"She is beautiful, but does not inspire," he told me. "I fail when I attempt to portray Abella. Life, animation, is her beauty; repose, the death mask. Landscape is beautiful on canvas, but never reaches the beauty of reality. Those women up there that I know you do not admire have made me famous."
He referred to the gaunt, dark-visaged ideal.
"All Centauri recognizes them as the type of a perverted age," he continued, "showing this race has lived through and conquered degeneration. Those faces are arch, subtle, perfectly beautiful; to study them is fascinating. The scowling brows arch, the eyes take deeper tinges, and the lips—ah!"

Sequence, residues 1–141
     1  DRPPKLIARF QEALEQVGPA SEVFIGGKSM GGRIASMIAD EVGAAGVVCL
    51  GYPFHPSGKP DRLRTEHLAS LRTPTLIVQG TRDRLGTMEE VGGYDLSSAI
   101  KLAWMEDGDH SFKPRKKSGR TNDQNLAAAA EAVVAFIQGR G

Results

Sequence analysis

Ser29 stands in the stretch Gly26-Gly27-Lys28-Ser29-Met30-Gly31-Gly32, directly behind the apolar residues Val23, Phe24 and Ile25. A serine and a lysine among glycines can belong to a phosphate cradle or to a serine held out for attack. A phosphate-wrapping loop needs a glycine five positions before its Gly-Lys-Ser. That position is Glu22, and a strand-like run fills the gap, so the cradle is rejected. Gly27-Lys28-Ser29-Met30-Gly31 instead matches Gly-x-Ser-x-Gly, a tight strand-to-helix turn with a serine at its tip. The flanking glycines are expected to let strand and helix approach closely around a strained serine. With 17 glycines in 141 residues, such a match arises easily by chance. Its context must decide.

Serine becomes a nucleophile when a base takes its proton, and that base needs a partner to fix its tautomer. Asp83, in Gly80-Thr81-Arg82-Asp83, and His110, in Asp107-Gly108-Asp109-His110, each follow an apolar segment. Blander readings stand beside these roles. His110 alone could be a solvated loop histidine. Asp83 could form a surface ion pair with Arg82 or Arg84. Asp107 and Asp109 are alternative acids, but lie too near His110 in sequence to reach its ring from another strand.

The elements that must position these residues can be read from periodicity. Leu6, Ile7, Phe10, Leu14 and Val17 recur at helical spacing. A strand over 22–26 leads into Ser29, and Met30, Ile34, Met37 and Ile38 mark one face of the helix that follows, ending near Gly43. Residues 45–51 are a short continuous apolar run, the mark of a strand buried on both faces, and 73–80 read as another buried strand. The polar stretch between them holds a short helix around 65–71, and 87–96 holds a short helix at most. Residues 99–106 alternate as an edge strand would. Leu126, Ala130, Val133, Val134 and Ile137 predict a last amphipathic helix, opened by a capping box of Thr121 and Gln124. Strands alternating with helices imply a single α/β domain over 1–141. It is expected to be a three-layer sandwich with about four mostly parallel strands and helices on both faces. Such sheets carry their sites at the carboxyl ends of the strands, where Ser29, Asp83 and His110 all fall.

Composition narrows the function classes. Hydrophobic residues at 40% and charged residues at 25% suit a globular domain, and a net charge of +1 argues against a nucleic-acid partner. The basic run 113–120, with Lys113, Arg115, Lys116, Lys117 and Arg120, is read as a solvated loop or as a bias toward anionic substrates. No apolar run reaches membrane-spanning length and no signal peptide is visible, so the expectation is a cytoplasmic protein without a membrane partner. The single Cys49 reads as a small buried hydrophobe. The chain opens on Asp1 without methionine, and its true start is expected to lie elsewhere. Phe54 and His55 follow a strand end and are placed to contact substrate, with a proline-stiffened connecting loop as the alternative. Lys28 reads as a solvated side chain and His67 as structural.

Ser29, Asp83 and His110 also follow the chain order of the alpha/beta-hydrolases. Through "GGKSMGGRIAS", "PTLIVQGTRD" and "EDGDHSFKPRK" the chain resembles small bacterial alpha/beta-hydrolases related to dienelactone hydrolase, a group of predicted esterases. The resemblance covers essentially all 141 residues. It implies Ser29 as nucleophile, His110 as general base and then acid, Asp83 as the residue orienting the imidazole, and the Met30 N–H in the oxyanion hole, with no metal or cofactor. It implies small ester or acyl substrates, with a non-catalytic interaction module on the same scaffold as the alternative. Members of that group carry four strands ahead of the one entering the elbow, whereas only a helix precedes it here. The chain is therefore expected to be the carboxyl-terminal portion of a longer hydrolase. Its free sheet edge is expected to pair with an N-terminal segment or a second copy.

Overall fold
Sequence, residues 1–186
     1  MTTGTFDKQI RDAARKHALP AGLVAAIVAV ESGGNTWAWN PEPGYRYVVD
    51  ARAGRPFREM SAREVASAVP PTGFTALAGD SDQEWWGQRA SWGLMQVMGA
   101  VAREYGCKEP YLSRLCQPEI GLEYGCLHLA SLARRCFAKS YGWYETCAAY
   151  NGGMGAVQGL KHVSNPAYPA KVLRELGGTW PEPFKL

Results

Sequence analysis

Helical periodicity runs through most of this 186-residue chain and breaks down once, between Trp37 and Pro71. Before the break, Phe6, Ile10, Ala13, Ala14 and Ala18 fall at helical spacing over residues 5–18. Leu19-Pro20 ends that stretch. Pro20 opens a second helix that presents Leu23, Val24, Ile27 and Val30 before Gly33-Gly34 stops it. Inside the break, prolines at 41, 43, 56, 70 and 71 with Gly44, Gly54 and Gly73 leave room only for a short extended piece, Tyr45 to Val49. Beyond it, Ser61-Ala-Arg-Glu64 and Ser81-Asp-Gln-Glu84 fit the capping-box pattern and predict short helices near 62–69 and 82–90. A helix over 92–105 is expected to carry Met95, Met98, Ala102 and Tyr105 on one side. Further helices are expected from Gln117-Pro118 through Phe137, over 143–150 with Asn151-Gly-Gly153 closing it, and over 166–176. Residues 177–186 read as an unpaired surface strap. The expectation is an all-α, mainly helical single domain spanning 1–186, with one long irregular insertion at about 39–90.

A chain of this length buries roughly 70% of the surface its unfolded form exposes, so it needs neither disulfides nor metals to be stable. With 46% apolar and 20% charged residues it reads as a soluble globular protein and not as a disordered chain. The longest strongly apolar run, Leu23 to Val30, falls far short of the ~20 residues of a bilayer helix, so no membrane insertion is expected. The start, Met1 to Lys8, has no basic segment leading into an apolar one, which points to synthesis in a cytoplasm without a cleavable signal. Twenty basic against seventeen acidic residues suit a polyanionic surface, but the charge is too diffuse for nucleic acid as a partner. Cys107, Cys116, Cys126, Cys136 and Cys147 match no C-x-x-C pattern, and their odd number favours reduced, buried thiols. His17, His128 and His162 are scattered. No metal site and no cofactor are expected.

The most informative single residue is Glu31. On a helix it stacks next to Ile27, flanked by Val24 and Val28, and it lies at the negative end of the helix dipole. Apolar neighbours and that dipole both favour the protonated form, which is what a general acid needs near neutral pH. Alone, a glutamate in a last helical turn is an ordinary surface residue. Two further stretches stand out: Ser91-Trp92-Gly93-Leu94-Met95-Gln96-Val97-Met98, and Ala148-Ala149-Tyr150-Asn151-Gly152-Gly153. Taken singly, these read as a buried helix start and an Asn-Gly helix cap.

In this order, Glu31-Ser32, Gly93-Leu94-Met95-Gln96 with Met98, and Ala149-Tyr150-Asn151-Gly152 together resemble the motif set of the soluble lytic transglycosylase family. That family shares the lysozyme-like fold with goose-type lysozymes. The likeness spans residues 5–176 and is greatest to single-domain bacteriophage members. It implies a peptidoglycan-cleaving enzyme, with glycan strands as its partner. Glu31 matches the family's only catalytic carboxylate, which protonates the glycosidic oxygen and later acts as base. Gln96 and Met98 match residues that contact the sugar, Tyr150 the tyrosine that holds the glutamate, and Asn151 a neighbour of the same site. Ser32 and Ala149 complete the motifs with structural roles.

I turned away smiling, muttering in jest.
He advised me when I returned to Centur to visit the Salon, there I would find a portrait of Abella, "which impressed, but gave dissatisfaction, lacking that which made Abella a beautiful woman."
He opened an exquisitely carved cabinet and taking out an oblong leather case, remarked: "that this was some of his first work." Then, without warning, he thrust before me a portrait of Alpha Centauri. I gasped. Skill! Powers above! Alpha Centauri stood before me, marvelously beautiful, enveloped in a broad stream of golden light, devout, with eyes and arms raised heavenward, in the Temple of the Sun. I'm not certain how I acted; men in love are usually maudlin. I had been away a long time—must return—must see, speak with her at once! I implored, begged for the portrait.
The man stared at me in amazement, then quietly